url value(consumer(regex('/account/[0-9]{5}')), producer('/account/12345'))
   response {
       status 200
                type: 'friends',
                email: ''
       headers {
           header('Content-Type': value(

The contract consists of a request and response pair. It shows an example of using a dynamic value for URL path. With the value(consumer(…), producer(…)) helper method, it is possible to set matcher or concrete values. In this case, adding a regular expression on the consumer side (in the generated stub) to match on requests with any account ID, and setting a specific account ID for the generated test to match on the known state of the producer.

Once again, the producer side follows some sort of TDD pattern.

  1. Run gradle generateContractTests to generate the test in the build folder:
public class ContractVerifierTest extends ContractVerifierBase {

  public void validate_shouldReturnFriendsAccount() throws Exception {
     // given:
        MockMvcRequestSpecification request = given();

     // when:
        ResponseOptions response = given().spec(request)

     // then:
     // and:
        DocumentContext parsedJson = JsonPath.parse(response.getBody().asString());
        assertThatJson(parsedJson).field("email").isEqualTo("[[email protected]](/cdn-cgi/l/email-protection)<script data-cfhash="f9e31" type="text/javascript">/* <![CDATA[ */!function(t,e,r,n,c,a,p){try{t=document.currentScript||function(){for(t=document.getElementsByTagName('script'),e=t.length;e--;)if(t[e].getAttribute('data-cfhash'))return t[e]}();if(t&&(c=t.previousSibling)){p=t.parentNode;if(a=c.getAttribute('data-cfemail')){for(e='',r='0x'+a.substr(0,2)|0,n=2;a.length-n;n+=2)e+='%'+('0'+('0x'+a.substr(n,2)^r).toString(16)).slice(-2);p.replaceChild(document.createTextNode(decodeURIComponent(e)),c)}p.removeChild(t)}}catch(u){}}()/* ]]> */</script>");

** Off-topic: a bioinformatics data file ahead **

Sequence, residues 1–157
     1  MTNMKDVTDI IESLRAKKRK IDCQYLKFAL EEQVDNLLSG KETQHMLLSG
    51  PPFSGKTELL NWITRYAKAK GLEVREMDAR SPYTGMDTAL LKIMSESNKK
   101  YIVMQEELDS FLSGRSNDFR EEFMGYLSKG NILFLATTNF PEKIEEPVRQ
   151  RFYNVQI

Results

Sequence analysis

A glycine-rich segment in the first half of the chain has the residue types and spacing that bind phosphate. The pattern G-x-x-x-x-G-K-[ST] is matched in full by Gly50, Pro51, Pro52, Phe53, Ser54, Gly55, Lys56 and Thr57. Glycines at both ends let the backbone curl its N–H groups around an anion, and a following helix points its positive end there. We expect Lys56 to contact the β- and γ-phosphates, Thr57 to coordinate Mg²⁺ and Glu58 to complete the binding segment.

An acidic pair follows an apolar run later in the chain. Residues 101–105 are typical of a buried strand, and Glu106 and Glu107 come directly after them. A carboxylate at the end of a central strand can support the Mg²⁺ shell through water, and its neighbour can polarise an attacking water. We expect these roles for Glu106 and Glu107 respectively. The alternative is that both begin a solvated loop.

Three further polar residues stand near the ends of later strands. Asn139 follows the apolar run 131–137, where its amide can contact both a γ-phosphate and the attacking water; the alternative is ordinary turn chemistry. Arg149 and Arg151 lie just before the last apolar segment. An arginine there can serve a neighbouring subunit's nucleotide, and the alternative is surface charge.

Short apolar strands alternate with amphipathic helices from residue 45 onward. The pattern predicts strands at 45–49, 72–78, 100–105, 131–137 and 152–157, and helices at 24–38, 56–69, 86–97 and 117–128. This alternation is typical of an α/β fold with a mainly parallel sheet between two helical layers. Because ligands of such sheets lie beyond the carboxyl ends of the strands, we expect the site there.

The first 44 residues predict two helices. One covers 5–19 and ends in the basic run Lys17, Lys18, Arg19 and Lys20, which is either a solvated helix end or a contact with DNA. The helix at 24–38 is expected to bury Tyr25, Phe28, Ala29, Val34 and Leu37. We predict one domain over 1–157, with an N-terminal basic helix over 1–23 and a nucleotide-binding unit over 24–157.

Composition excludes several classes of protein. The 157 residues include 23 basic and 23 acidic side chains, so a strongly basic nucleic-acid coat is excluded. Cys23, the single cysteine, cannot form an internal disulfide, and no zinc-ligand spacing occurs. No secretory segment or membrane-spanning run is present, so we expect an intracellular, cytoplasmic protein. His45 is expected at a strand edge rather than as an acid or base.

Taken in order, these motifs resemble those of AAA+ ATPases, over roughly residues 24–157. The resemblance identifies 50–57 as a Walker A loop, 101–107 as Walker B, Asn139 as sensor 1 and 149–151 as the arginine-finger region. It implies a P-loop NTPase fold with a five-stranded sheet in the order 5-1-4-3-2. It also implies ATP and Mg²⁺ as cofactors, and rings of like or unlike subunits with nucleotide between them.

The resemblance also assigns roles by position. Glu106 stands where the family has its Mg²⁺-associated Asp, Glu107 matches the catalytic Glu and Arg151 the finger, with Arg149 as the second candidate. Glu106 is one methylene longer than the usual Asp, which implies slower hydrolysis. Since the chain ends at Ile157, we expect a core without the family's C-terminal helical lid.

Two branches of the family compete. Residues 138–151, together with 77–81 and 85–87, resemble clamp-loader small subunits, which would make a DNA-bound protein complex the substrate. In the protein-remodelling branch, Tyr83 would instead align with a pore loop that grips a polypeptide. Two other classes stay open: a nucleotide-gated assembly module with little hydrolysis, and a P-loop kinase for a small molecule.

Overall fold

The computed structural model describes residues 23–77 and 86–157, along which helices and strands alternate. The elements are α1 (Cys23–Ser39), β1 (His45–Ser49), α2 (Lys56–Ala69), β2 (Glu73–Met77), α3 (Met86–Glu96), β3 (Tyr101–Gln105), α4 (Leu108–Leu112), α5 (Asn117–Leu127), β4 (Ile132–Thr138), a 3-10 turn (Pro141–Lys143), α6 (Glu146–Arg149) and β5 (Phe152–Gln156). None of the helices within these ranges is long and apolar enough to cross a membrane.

The generated test relies on RestAssuredMockMvc to perform HTTP requests. To make it runnable, we also implement a base class that bootstraps the test environment, mocking out dependencies if necessary.